Florida Warns of Dangerous ‘Flesh-Eating’ Bacteria in Aftermath of Hurricane Ian

by Emily Morgan
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Photo by: NurPhoto / Contributor

Following Hurricane Ian’s devastation, Florida officials now warn people of another threat. Last month, the category four hurricane ripped through the sunshine state, leaving brutal destruction and over 100 people dead. In its aftermath, Floridians now have to worry about building back their towns, threats of red tide, and now flesh-eating bacteria. 

Officials in one of the Florida counties recovering from the hurricane now warn about a potentially deadly microbe. Also known informally as a flesh-eating bacteria, it’s infected 29 people and killed four as of Friday. 

The bacteria, Vibrio vulnificus, which lives in warm, salty waters, can spread when there is flooding. According to the Lee department of public health, it can also make its way into the body via direct contact with an open wound. It can lead to skin problems, ulcers, and sometimes even death. 

“The Florida Department of Health in Lee County is seeing an odd increase in cases of Vibrio vulnificus infections as a result of exposure to the flood waters and standing waters following Hurricane Ian,” an official at the county health department said on Monday.

The statement warned people to “always be aware of the potential risks associated when exposing open wounds, cuts, or scratches on the skin to warm, brackish, or salt water.”

“Sewage spills, like those caused by Hurricane Ian, may increase bacteria levels,” the statement continued. “As the post-storm situation evolves, individuals should take precautions against infection and illness caused by Vibrio vulnificus.”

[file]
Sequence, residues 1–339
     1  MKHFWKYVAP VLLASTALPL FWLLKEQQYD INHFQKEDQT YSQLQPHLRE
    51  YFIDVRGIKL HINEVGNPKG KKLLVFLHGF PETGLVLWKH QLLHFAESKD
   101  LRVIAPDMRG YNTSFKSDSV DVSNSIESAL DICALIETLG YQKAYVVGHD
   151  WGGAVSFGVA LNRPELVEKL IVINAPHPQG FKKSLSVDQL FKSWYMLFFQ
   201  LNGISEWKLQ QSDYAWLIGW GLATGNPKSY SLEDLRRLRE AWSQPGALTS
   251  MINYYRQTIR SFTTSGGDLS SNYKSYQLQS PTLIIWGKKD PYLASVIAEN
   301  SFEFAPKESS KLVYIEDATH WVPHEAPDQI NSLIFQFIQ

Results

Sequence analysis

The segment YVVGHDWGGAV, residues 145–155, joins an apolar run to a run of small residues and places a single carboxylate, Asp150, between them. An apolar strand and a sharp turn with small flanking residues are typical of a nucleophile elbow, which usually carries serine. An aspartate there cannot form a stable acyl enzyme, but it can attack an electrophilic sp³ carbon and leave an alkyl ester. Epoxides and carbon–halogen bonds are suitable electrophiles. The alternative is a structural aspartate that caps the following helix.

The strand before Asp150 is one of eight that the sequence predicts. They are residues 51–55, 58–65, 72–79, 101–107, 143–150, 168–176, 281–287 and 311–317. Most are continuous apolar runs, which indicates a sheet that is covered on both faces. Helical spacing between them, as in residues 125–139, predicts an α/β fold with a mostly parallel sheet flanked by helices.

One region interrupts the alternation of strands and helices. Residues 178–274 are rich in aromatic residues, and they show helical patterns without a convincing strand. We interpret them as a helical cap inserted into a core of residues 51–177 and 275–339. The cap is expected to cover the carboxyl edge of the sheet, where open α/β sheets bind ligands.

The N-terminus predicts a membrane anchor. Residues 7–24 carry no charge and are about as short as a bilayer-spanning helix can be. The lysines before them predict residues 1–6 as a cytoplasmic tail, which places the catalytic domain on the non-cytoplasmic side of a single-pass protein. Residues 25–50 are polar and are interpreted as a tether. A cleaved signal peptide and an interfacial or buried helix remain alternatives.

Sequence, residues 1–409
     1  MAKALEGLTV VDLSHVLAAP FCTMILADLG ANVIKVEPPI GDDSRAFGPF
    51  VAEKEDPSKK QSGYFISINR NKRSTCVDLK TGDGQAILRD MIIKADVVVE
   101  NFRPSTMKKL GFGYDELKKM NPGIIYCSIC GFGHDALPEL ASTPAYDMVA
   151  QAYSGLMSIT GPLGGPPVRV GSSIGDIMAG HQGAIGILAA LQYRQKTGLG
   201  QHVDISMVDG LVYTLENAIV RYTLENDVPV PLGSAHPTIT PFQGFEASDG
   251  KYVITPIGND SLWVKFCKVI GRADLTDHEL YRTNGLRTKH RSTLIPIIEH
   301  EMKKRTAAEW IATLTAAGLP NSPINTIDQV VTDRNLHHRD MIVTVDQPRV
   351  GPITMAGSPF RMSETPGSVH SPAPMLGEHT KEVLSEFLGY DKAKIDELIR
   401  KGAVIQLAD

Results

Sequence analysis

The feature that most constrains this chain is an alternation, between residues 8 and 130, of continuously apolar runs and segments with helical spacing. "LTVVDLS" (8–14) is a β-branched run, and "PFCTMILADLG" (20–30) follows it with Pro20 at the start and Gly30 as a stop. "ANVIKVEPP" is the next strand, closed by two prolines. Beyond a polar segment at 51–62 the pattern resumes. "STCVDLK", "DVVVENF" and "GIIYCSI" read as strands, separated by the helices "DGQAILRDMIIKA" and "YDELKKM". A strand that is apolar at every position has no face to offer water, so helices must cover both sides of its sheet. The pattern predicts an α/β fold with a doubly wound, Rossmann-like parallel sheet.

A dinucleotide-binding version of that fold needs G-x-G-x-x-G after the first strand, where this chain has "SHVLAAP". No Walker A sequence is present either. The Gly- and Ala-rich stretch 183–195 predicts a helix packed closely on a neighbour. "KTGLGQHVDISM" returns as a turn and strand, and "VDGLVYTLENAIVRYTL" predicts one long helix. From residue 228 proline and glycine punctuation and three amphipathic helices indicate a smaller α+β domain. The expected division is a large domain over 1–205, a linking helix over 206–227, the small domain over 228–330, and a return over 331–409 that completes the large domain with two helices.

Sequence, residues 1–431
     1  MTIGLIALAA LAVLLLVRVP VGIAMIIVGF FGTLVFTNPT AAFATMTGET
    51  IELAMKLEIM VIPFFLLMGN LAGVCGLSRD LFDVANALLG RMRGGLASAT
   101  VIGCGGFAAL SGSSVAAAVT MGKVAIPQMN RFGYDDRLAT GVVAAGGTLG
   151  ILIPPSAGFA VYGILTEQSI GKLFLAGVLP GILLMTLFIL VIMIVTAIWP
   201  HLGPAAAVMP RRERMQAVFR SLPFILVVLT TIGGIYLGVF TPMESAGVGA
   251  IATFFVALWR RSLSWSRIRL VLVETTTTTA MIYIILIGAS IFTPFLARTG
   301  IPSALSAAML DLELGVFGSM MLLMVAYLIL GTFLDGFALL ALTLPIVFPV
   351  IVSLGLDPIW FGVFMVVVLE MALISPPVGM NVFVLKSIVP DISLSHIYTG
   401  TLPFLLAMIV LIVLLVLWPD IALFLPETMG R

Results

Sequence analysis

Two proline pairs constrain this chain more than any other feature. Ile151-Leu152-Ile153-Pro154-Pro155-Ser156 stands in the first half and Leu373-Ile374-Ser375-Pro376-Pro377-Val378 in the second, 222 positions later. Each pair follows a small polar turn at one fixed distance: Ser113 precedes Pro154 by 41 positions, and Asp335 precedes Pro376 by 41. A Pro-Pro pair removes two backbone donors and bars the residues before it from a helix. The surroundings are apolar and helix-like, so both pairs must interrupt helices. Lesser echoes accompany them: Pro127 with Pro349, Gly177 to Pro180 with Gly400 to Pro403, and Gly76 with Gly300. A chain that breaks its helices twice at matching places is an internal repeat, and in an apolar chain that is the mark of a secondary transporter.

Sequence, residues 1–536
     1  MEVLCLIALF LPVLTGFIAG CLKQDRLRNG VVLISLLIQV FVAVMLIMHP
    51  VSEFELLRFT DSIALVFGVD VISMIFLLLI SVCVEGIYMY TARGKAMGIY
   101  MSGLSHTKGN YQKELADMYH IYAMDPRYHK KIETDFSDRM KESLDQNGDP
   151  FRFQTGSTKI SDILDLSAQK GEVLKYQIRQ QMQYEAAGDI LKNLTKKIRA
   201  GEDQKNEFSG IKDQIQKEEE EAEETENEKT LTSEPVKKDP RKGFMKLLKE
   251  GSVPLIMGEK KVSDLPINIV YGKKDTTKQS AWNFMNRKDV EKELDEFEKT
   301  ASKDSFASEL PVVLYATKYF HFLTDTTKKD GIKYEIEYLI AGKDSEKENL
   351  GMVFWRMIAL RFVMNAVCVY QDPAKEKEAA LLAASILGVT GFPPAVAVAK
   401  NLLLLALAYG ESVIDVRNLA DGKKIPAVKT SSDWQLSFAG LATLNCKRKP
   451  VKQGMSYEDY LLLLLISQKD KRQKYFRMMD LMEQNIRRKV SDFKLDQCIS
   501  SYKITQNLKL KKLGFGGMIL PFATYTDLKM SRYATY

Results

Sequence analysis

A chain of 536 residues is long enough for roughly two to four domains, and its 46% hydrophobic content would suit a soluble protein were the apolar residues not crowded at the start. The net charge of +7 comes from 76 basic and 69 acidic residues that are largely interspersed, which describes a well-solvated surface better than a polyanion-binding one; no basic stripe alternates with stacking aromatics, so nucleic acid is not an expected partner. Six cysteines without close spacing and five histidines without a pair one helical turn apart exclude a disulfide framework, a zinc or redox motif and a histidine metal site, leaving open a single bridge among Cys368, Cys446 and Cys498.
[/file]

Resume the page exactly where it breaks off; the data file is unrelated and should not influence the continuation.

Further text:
However, the Fort Myers News-Press reported that healthy people usually recover with mild symptoms. 

Cases of flesh-eating bacteria nearly as high as those reported across the entire state in 2021

On Florida’s west coast in Lee county, doctors have seen an “abnormal increase due to the impact of Hurricane Ian,” per state health officials. John Cassani, who works with Calusa Waterkeeper, a group that protects local waters, said the current count was “off the charts.”

The cases in Lee county is almost as high as the total number reported across the entire state last year. That year the state saw 34 cases causing in ten deaths. 

In addition, when Hurricane Irma caused severe flooding in 2017, there were 50 cases reported statewide and 11 deaths. 

Earlier in October, the Lee county health department urged Floridians to take steps to avoid being exposed to the bacteria. The department urged that those with open wounds stay away from salty water. They also urged that people clean and monitor open wounds if they come into contact with flood water.

South of Lee county in Collier county has also reported three cases of the bacteria. State officials also said it was a result of Hurricane Ian. 

Florida officials have confirmed 65 cases and 11 deaths from the bacteria as of Friday. 

Outsider.com